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Man who rushed into hospital to get help for dying cyclist was told to dial 999

Musician Nick Wilsdon sustained fatal head injuries after he crashed outside Bristol Royal Infirmary

A man who ran into a hospital to get help for a cyclist who had suffered fatal head injuries when he crashed outside has said he was told to call 999 because no doctors were available.

Nick Wilsdon, aged 44, lost control of his bike on Upper Maudlin Street outside Bristol Royal Infirmary and crashed into a van travelling in the opposite direction according to eyewitness Marc Banting, reports the Bristol Post.

The incident which happened on Thursday 1 June was witnessed by Marc Banting, 43, who went to Mr Wilsdon’s help but realised he should not move him since it was clear he had sustained serious head injuries.

Instead, he rushed into the hospital to summon assistance for the stricken cyclist, only to be told he needed to call 999.

"I ran into the BRI and asked them to send a doctor out, but they refused.

"They said the doctors were all busy in A&E and they couldn't just call one out of there, and to call 999 as it would be quicker.

"I told them there was a man dying in the street and they were not interested and reiterated to call 999.

"We had to call for an ambulance which took its time as it was rush hour – it was easily 15 minutes, but it felt like an eternity."

But a spokesperson for University Hospitals Bristol NHS Foundation Trust insisted that the advice given to Mr Banting was correct.

"We advise everyone to call 999 if an accident has taken place,” they said.

"This is to ensure that patients are treated safely by professionals with the right training and essential equipment to do so before they are brought to hospital.

"Releasing staff from our A&E may also put patients already in our care at risk."

Mr Banting also recounted details of the fatal crash. He said: “It was horrific. At that point, Upper Maudlin Street is four lanes wide, he was in the middle of the four lanes.

“The road was busy and traffic was not moving that fast heading [downhill] towards the Bear Pit, but it was faster coming in the opposite direction.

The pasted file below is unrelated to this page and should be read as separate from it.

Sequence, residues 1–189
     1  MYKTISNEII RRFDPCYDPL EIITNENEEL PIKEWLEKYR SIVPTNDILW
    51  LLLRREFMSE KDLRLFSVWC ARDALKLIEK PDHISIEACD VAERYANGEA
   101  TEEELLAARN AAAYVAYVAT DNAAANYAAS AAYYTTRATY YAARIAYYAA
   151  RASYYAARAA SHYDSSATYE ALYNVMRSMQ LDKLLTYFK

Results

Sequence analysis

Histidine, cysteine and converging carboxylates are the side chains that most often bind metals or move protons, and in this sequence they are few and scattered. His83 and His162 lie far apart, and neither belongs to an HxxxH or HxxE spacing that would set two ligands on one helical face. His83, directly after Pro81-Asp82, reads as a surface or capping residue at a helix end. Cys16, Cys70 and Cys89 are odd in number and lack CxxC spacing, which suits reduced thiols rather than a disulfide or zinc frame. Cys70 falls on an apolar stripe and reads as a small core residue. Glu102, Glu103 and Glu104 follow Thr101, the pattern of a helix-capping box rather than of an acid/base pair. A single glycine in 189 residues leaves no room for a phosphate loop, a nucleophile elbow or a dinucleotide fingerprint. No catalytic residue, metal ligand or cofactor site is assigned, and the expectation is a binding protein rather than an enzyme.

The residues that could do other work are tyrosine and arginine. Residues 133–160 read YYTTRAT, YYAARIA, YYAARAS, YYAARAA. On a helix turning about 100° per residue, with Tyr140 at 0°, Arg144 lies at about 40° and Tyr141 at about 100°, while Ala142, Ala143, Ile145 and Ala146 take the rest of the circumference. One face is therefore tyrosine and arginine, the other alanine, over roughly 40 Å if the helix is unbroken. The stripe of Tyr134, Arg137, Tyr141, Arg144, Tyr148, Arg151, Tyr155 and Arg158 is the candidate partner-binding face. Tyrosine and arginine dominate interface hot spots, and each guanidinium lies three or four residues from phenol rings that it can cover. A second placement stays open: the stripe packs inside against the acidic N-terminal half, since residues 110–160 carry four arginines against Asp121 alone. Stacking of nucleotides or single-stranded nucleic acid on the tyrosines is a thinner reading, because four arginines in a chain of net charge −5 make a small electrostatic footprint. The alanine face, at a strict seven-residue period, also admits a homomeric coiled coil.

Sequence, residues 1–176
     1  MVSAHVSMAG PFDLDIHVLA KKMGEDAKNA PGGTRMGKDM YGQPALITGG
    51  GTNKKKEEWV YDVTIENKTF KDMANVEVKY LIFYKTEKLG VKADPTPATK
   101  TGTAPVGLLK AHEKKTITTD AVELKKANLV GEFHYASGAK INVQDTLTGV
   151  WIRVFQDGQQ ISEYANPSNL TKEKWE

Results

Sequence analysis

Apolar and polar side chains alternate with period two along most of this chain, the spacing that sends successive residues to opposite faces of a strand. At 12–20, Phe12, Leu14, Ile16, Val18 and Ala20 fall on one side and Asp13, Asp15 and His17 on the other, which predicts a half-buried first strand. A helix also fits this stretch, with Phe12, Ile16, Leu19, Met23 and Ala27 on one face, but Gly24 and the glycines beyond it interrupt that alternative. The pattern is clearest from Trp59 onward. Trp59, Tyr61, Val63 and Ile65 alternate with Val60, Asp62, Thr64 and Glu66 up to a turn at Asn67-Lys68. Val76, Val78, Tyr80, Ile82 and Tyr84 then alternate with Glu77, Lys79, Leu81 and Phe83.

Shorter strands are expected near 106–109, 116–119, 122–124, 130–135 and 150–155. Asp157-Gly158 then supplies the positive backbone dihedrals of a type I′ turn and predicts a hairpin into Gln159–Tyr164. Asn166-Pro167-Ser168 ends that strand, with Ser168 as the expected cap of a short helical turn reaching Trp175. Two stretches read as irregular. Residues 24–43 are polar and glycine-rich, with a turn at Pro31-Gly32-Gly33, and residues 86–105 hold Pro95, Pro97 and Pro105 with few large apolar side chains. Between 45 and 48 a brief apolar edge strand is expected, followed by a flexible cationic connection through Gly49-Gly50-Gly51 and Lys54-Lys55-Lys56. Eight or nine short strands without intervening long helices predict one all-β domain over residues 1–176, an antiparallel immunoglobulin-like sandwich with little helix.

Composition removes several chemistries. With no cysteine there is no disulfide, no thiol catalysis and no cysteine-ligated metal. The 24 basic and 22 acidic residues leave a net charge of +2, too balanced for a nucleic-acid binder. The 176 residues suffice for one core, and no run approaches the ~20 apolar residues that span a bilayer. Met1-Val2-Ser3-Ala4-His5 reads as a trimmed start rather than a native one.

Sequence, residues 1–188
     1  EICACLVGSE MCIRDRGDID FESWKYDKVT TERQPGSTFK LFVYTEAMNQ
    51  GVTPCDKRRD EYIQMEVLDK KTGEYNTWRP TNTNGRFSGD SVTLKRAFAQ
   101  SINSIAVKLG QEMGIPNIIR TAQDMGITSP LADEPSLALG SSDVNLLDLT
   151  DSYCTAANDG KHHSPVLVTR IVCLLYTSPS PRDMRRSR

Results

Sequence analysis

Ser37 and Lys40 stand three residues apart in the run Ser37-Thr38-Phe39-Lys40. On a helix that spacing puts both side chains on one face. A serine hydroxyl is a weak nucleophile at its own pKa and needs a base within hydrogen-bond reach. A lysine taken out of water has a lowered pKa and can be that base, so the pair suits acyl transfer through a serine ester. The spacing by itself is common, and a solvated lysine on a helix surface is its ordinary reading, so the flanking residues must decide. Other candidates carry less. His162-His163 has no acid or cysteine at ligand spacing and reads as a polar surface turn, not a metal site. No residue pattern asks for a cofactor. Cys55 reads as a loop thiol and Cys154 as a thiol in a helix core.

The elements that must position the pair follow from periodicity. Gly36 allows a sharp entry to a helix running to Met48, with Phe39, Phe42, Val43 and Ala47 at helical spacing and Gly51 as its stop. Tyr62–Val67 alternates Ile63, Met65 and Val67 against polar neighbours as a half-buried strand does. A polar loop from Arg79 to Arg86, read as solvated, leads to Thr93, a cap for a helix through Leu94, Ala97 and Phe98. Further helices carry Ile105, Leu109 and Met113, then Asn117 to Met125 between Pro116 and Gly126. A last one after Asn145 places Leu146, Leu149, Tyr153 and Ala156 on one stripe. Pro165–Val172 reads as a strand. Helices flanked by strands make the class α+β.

“The cyclist appeared to lose control of his bike and fell sideways into the white van, and his head made contact with the passing van.”

He added: “The van slowed down as if it was going to stop, but then carried on its way up St Michael's Hill.

“It is possible the van driver did not know the cyclist had hit him as it was on the side not head on.”

Mr Wilsdon died in hospital from his injuries several days after the crash.

A musician, he played fiddle with Bristol-based folk band Calico Jack and had also worked as a music therapist in Palestine and with people in Bristol suffering from Alzheimer’s disease.

His family said he was a "wonderful, talented, much-loved man" and that he had “an enormous group of friends all over the world who were always glad to see him.

"He was at base an intellectual who loved to explore ideas but was also a talented musician,” they added.

"His family Jo, Colin, Toby, Sophie and his partner Margarita miss him deeply."


Simon joined as news editor in 2009 and is now the site’s community editor, acting as a link between the team producing the content and our readers. A law and languages graduate, published translator and former retail analyst, he has reported on issues as diverse as cycling-related court cases, anti-doping investigations, the latest developments in the bike industry and the sport’s biggest races. Now back in London full-time after 15 years living in Oxford and Cambridge, he loves cycling along the Thames but misses having his former riding buddy, Elodie the miniature schnauzer, in the basket in front of him.

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